Induction of apoptosis in HeLa cells with staurosporine produced a rise in the intracellular pH (pHi). Intracellular alkalinization was accompanied by translocation of Bax to the mitochondria, cytochrome c release, and cell death. The chloride channel inhibitor furosemide prevented intracellular alkalinization, Bax translocation, cytochrome c release, and cell death. Translocation of full-length Bid to the mitochondria was also prevented by furosemide. The cleavage product of Bid degradation (truncated Bid, tBid) was not detectable in the mitochondria. Its accumulation in the cytosol was prevented by furosemide. Apoptosis induced by tumor necrosis factor-α (TNF) lowered phi, an effect also accompanied by Bax translocation, cytochrome c release, and cell killing. Furosemide prevented all of these events. TNF induced a depletion of full-length Bid from the mitochondria and the cytosol but induced an accumulation of mitochondrial tBid. Furosemide only delayed full-length Bid depletion and tBid accumulation. The caspase 8 inhibitor IETD did not prevent the translocation of Bax. Although IETD did inhibit the cleavage of Bid and the accumulation of tBid, cell killing was reduced only slightly. It is concluded that with either staurosporine or TNF a furosemide-sensitive change in pHi is linked to Bax translocation, cytochrome c release, and cell killing. With TNF Bax translocation occurs as Bid is depleted and can be dissociated from the accumulation of tBid. With staurosporine a role for full-length Bid in Bax translocation cannot be excluded but is not necessary as evidenced by the data.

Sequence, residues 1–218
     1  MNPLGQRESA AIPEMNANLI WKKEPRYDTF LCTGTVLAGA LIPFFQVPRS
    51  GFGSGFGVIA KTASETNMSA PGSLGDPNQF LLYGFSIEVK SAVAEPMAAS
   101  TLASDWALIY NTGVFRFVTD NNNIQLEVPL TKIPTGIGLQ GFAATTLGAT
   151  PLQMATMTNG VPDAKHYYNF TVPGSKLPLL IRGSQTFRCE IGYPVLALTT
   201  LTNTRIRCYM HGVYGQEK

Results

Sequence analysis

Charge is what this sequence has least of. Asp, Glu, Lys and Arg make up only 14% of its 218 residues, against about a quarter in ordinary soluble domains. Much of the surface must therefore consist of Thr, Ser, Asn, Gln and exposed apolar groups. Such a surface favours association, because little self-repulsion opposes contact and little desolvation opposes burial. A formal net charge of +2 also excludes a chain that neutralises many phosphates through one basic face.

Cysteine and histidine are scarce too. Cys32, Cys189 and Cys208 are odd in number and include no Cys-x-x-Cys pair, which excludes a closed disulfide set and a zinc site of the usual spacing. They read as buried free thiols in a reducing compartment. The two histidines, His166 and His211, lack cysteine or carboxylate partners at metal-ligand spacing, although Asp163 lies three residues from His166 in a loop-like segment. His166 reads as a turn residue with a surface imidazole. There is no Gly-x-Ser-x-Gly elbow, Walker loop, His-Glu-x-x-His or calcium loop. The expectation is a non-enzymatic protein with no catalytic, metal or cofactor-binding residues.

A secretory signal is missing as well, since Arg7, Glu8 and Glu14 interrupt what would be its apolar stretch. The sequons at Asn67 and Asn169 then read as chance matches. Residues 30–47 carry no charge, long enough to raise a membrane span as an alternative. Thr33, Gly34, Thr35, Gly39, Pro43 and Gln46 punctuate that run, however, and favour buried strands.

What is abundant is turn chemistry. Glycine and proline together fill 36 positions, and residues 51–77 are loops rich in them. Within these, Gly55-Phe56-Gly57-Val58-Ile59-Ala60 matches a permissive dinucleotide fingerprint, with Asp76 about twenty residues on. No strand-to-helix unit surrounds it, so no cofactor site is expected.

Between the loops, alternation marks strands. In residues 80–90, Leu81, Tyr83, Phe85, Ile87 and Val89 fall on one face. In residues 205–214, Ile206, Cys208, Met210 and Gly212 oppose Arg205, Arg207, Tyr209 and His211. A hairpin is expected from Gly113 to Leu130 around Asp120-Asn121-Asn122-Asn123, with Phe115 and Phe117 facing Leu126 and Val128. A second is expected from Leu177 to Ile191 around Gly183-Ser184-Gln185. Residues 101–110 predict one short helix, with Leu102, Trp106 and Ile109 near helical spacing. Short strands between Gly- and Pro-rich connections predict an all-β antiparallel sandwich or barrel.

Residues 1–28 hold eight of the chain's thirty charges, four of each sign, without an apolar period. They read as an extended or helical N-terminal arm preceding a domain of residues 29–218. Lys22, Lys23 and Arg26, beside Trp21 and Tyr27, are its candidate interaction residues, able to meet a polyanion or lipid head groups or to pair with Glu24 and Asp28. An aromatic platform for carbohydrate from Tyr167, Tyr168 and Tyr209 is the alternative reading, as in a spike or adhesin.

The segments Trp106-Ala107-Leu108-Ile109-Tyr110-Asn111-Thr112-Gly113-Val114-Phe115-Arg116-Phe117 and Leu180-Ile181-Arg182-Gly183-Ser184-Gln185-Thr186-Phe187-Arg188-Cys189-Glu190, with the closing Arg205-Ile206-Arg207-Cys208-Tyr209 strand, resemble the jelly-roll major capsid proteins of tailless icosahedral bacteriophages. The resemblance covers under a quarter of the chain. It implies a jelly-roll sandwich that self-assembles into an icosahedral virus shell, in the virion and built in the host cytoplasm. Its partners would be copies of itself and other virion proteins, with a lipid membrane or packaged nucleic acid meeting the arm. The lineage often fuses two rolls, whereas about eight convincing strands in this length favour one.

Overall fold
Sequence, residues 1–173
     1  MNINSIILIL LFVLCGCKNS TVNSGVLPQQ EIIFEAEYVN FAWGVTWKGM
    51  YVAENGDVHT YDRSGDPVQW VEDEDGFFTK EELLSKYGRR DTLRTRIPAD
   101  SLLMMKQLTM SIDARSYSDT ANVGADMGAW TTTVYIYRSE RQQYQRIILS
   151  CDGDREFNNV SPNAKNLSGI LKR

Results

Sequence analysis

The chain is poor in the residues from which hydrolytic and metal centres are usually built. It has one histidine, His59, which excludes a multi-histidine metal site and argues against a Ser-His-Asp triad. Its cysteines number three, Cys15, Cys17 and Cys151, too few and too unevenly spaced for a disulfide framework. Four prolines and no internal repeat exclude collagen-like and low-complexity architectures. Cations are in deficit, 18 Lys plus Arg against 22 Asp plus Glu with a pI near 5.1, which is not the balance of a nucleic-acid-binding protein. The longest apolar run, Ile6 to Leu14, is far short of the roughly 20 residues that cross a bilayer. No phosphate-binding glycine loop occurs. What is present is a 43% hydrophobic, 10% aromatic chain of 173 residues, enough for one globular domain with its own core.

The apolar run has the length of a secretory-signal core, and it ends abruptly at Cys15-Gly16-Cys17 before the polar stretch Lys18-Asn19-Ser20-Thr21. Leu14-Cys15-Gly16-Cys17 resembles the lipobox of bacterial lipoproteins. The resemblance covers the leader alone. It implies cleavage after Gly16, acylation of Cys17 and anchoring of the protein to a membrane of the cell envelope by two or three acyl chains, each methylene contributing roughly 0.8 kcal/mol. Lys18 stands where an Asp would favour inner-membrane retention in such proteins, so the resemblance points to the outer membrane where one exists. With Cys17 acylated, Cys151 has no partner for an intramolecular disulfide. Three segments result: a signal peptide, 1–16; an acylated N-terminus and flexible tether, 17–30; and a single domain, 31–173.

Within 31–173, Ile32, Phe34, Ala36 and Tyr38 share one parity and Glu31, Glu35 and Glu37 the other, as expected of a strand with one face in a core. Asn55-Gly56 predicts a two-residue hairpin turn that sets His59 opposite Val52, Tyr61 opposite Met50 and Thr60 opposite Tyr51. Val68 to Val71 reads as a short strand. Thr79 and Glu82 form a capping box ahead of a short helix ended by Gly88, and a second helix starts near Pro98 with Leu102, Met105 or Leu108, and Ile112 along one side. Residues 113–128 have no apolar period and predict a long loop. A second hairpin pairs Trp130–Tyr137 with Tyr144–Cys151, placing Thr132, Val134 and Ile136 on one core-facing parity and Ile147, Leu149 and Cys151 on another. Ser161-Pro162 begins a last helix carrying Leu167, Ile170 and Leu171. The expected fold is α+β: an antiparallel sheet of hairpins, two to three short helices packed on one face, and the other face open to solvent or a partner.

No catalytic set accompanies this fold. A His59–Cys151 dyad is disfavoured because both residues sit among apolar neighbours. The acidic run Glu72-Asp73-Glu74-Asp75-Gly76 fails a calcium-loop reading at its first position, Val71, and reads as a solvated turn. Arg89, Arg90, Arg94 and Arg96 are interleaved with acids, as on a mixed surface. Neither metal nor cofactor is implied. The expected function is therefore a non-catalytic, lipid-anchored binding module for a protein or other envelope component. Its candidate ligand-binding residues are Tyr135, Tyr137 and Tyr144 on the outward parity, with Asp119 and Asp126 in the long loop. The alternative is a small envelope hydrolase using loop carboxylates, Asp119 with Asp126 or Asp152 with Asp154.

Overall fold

ASJC Scopus subject areas